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Hoffmann, R. A wiki for the life sciences where authorship matters. Nature Genetics (2008)

Developing new antiviral agents for influenza treatment: what does the future hold?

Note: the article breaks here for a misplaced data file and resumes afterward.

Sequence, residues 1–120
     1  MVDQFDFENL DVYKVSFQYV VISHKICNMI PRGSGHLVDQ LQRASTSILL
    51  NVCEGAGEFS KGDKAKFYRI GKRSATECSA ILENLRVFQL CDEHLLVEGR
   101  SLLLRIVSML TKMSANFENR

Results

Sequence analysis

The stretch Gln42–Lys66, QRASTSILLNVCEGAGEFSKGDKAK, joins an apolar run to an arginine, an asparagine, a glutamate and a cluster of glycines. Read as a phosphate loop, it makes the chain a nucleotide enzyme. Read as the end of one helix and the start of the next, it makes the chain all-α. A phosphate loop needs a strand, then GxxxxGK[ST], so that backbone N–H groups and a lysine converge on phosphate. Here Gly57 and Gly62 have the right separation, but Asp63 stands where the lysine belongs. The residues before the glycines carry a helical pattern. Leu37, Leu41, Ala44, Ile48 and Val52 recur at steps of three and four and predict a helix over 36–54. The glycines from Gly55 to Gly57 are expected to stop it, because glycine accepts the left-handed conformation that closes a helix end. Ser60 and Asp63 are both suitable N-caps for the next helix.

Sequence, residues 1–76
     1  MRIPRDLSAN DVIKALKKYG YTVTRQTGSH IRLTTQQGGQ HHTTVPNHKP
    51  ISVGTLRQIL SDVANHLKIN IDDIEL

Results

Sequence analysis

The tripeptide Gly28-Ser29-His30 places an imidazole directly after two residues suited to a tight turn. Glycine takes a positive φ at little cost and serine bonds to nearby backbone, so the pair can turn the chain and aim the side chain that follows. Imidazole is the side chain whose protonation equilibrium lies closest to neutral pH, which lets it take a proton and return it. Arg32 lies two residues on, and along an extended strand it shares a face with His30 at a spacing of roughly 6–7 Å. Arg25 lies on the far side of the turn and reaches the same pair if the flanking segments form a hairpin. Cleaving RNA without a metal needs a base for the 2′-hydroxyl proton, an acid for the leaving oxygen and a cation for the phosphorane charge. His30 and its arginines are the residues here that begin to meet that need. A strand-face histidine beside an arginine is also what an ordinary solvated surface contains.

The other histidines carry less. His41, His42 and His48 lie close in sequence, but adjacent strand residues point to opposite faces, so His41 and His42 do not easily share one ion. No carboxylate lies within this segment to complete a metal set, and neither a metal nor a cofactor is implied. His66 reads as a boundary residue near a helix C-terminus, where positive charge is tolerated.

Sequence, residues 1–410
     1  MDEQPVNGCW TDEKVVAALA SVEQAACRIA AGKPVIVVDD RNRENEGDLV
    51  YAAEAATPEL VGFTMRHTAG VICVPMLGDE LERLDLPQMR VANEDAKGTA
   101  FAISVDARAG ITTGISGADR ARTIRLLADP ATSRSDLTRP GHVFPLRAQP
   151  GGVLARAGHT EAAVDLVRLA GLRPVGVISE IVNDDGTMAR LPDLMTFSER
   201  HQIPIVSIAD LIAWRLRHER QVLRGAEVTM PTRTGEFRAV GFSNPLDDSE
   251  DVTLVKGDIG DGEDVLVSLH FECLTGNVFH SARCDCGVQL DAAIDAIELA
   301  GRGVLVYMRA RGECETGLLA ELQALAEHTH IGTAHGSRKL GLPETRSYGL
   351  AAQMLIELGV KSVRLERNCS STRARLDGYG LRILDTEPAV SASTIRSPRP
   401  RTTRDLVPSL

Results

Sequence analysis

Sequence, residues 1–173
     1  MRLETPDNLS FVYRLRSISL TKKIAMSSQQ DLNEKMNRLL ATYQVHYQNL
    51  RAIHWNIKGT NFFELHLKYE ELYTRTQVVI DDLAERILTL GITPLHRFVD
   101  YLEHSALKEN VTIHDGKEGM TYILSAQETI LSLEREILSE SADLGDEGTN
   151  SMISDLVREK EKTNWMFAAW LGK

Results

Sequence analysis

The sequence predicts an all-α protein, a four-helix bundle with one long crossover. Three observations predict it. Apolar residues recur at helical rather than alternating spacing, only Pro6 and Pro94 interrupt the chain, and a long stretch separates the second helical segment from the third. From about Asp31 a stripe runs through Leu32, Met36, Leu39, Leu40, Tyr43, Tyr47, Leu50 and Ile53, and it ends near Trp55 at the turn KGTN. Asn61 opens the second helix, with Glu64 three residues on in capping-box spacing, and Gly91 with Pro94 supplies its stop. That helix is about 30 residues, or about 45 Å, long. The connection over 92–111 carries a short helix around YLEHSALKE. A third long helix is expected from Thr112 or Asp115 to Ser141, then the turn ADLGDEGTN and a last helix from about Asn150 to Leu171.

Antiviral agents for the treatment of influenza are urgently needed to circumvent the limitations of current drugs in several critical areas: high frequencies of resistance to M2 inhibitors among currently circulating strains and variable frequencies of resistance to oseltamivir among A(H1N1) strains, limited efficacy of treatment and treatment-emergent antiviral resistance in cases of avian influenza A(H5N1) illness in humans, and lack of parenteral agents for seriously ill patients. Two neuraminidase inhibitors (NAIs), zanamivir and peramivir, have undergone or are undergoing clinical trials for use by intravenous or intramuscular administration, and one long-acting NAI, designated CS-8958, is under study for use by inhalation. Advances in understanding the mechanisms involved in influenza virus replication have revealed a number of potential targets that might be exploited in the development of new agents. Among these agents are T-705, a polymerase inhibitor, and DAS181, an attachment inhibitor. Combination therapy with currently available agents is supported by data from animal models but has received limited clinical study to date.[1]


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